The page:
The Internet of Things (IoT) is a vast and growing category, comprising every internet-connected device that is not a traditional end-user device like a laptop, phone, or tablet, etc. Everything from your smart TV and fridge to rooftop solar systems and industrial control systems used in manufacturing, critical infrastructure, and utility management is part of IoT.
Security for IoT devices is every bit as important as it is for your corporate network and end-user devices — and in many cases it is considerably more important because compromised devices could lead to real-world physical destruction and injury. Nowhere is this more true than in the subset of IoT consisting of medical devices.
IoT in the healthcare industry
The Internet of Medical Things (IoMT), also known as Healthcare IoT (HIoT) and Medical IoT (MIoT), is a subset of IoT that includes devices and applications that make healthcare data management and the provision of services more efficient and accurate. IoMT devices let physicians access and share real-time patient data easily, and connected health-monitoring devices — including wearables, implants, and home-based devices — can generate instant alerts when interventions may be warranted. The life-saving potential of IoMT cannot be overstated, and there is no doubt that it will continue to deliver very significant improvements to healthcare delivery going forward.
The COVID-19 pandemic has spurred faster development and adoption of IoMT, as telemedicine and remote-monitoring applications offer safer alternatives to in-person services.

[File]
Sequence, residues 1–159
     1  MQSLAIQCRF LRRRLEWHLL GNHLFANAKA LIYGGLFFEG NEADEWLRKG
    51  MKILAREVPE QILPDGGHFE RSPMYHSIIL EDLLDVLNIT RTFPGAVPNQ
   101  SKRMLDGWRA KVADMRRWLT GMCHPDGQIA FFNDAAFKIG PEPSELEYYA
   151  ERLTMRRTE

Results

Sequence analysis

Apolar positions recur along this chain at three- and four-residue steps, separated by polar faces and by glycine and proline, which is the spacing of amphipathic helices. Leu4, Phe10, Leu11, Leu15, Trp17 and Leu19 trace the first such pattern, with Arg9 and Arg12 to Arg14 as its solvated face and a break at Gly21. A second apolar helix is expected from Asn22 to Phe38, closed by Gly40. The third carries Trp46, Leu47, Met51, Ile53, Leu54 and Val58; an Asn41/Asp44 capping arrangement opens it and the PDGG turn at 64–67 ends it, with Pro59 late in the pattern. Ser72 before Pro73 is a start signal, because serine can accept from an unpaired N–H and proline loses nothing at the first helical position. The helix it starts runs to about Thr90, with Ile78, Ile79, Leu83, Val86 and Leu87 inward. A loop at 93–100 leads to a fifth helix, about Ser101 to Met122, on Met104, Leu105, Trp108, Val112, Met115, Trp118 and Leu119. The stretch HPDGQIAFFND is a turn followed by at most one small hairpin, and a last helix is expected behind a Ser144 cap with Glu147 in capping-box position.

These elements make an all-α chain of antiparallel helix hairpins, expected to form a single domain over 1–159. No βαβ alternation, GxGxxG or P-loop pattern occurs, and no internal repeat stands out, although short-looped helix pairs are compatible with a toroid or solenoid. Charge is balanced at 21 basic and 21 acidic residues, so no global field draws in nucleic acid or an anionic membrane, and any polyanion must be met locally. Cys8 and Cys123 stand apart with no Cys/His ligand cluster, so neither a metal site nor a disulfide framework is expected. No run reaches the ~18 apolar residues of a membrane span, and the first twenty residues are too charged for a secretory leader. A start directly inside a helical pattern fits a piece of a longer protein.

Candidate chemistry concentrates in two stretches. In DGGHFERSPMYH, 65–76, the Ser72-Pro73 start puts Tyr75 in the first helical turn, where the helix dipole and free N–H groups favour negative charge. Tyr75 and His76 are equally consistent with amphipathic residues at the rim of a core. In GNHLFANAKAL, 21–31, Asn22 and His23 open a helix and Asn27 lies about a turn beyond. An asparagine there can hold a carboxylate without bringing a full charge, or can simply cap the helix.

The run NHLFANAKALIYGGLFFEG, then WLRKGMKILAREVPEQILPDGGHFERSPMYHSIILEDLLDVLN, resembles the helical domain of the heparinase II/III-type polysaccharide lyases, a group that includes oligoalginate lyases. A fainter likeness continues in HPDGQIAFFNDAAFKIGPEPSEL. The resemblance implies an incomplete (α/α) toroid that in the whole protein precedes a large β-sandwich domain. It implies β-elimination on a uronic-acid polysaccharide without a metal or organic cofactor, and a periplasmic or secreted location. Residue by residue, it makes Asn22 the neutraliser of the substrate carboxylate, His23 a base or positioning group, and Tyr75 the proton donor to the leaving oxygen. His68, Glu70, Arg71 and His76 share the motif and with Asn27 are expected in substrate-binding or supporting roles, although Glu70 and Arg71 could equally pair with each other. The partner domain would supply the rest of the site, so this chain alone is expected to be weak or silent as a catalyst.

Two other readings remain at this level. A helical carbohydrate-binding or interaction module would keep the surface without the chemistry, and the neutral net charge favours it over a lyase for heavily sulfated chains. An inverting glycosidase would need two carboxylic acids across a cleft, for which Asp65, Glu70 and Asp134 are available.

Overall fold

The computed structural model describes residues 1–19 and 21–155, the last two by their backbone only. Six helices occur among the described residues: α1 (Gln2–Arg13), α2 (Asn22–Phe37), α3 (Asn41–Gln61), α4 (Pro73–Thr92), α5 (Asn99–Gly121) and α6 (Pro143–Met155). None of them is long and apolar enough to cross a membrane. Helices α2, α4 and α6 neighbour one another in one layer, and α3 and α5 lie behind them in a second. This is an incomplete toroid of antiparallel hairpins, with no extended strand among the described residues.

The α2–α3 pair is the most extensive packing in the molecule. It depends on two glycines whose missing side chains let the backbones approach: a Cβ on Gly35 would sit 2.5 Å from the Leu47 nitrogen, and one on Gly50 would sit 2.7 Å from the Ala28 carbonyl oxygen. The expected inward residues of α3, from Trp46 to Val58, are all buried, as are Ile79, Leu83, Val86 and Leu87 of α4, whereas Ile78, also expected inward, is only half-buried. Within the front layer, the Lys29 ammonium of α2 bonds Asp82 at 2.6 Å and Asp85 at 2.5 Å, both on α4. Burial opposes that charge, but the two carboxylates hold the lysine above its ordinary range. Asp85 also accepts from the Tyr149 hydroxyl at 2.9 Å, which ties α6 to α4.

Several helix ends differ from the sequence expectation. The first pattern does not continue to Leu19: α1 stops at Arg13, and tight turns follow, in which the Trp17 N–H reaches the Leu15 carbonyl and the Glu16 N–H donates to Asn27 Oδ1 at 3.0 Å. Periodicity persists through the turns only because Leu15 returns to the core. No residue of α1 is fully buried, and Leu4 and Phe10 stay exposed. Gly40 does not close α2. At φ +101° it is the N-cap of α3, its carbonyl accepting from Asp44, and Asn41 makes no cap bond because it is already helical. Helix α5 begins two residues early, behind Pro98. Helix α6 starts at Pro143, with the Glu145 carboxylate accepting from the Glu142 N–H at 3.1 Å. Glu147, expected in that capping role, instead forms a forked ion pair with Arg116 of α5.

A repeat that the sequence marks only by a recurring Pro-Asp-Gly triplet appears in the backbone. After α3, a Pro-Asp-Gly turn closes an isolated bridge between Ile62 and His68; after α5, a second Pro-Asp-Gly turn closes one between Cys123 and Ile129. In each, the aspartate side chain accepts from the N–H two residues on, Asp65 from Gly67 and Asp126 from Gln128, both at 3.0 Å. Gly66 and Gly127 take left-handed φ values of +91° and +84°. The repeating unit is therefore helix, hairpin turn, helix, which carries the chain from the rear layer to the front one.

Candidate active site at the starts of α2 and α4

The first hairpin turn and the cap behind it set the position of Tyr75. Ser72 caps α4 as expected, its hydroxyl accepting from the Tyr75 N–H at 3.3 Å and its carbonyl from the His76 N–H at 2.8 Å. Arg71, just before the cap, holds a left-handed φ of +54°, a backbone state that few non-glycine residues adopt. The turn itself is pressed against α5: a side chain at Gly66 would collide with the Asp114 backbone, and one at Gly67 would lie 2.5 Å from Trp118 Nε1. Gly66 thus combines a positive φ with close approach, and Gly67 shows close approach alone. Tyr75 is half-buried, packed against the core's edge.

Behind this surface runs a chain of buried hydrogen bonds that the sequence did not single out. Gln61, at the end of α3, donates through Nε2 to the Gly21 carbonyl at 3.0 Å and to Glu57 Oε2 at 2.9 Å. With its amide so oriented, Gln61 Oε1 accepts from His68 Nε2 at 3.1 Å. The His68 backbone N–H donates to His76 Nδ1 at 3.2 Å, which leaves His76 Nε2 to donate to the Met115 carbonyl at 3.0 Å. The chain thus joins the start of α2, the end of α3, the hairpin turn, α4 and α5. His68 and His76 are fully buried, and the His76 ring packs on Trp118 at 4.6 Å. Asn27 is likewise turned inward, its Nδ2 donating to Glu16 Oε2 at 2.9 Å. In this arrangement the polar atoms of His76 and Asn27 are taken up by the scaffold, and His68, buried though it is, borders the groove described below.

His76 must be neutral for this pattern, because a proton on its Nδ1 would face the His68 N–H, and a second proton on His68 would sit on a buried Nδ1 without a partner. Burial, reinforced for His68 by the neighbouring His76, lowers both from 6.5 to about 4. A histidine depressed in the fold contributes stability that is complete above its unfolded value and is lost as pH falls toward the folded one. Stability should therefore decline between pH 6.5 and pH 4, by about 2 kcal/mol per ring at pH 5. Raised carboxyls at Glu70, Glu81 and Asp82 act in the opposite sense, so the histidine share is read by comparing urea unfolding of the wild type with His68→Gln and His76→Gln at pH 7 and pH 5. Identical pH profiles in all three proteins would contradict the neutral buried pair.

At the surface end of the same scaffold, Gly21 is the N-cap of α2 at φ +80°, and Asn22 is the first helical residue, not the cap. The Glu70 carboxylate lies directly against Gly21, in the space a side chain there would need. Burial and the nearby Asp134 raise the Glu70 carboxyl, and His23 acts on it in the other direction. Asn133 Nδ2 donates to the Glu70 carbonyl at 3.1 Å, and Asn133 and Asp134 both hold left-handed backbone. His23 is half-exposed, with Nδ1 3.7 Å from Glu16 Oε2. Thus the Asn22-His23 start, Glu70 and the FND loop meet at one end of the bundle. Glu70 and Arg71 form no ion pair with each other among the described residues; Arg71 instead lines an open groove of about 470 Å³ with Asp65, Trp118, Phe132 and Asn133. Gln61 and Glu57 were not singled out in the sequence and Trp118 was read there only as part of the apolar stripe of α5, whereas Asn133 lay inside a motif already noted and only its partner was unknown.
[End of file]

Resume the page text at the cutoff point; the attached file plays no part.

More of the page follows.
Despite the benefits and promise of IoMT, it presents significant and unique security challenges that must be addressed to avoid consequences ranging from fines for regulatory noncompliance to real-world injury or death of patients
- Legacy devices designed without security in mind. Medical devices are still in service that were designed well over a decade ago. Designers may have assumed that security would not be a concern or a high priority. And even devices that were secure when first deployed may be unable to counter more recently developed threats and vulnerability exploits.
- Identical configurations are repeated across all units. Whereas PCs and other endpoint devices can use a wide variety of configurations and software, medical devices may be distributed in millions of units with identical configurations, meaning that a successful attack on one device may be repeated successfully across all devices of the same type.
- Patching and updating can be difficult. Medical devices have traditionally been produced with fixed, proprietary software that was never intended to be updated or patched to address security vulnerabilities. While it may be possible to perform updates, it can be difficult and time-consuming, requiring comprehensive testing to ensure the safety of patients and protected data. Manufacturers may be reluctant or unable to devote adequate resources to the process.
- Access controls may be inadequate. Medical devices are usually designed to be accessed easily by a wide range of medical and administrative staff. Malicious insiders can easily expose protected data, and a compromised user account — the result of phishing, impersonation, malware, etc. — can result in a costly breach or allow an attacker to take control of the device itself, with potentially devastating results.